While I completely agree with the main point (that our society would benefit from a greater emphasis on language learning), I want to point out that merely studying or knowing another language will not automatically make one able to function professionally in that language. I teach, and I have had students whose first language was not English. Some have told me that they had difficulty initially when they returned home and took a professional job: they had not learned the professional vocabulary in their native language. Oh, they picked it up, but they did have to learn it.
To make leaders who can function successfully in two languages, we need to do more than teach a language class off on the side. Students need to be educated broadly in both languages: math, science, history, business, etc. I have seen a bilingual program at the K-12 level in which students were taught all subjects in both languages, alternating days, with the goal of creating high school graduates who not only speak both languages but are educated in both languages.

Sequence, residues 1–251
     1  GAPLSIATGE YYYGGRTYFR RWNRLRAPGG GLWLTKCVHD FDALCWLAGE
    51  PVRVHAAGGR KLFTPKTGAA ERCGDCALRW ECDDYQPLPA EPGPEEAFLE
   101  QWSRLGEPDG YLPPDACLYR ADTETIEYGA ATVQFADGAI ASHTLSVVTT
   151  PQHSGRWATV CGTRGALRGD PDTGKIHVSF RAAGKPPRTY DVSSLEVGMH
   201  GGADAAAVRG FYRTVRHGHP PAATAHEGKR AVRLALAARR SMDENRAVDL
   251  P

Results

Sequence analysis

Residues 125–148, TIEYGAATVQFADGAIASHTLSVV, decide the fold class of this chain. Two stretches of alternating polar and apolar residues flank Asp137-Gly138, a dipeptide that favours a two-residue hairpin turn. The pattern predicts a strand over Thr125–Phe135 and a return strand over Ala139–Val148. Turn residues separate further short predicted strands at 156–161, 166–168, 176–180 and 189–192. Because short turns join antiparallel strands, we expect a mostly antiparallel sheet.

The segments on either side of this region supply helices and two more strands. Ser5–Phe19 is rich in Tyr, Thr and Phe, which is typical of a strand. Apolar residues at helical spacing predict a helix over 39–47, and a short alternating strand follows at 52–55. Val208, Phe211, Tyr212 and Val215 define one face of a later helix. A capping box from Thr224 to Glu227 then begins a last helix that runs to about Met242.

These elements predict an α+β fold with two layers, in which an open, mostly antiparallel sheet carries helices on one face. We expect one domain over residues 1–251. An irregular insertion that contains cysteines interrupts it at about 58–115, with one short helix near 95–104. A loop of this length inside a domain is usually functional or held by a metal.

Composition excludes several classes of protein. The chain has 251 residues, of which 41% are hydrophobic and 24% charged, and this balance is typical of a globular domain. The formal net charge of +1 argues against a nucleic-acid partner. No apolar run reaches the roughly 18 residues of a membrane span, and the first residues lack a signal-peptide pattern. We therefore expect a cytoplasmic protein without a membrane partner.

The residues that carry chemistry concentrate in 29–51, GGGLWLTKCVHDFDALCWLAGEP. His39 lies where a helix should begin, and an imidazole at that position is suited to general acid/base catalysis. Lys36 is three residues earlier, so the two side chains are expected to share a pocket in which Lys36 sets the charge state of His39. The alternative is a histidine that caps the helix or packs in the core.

Now that is very interesting.
I am the president of the Board of Trustees of The International School in Portland Oregon. TIS teaches full immersion in three languages: Chinese, Japanese and Spanish. My daughter has been in its Chinese immersion program since she was 3. She is now 6 and has conversational Mandarin. She reads and writes Chinese characters and next year she will start pinyin. She is being taught in an environment where four different languages are spoken on a daily basis. Part of the mission of TIS is to understand the culture of the immersion language. For Chinese in particular, you cannot learn this language with sufficient fluency without understanding the culture. This experience has changed my daughter and my family in a profound way. Yes she has a skill that most others her age do not, but at 6 she understands that the world is bigger than Portland, Oregon. She knows that there are many different ways issues and ideas are considered.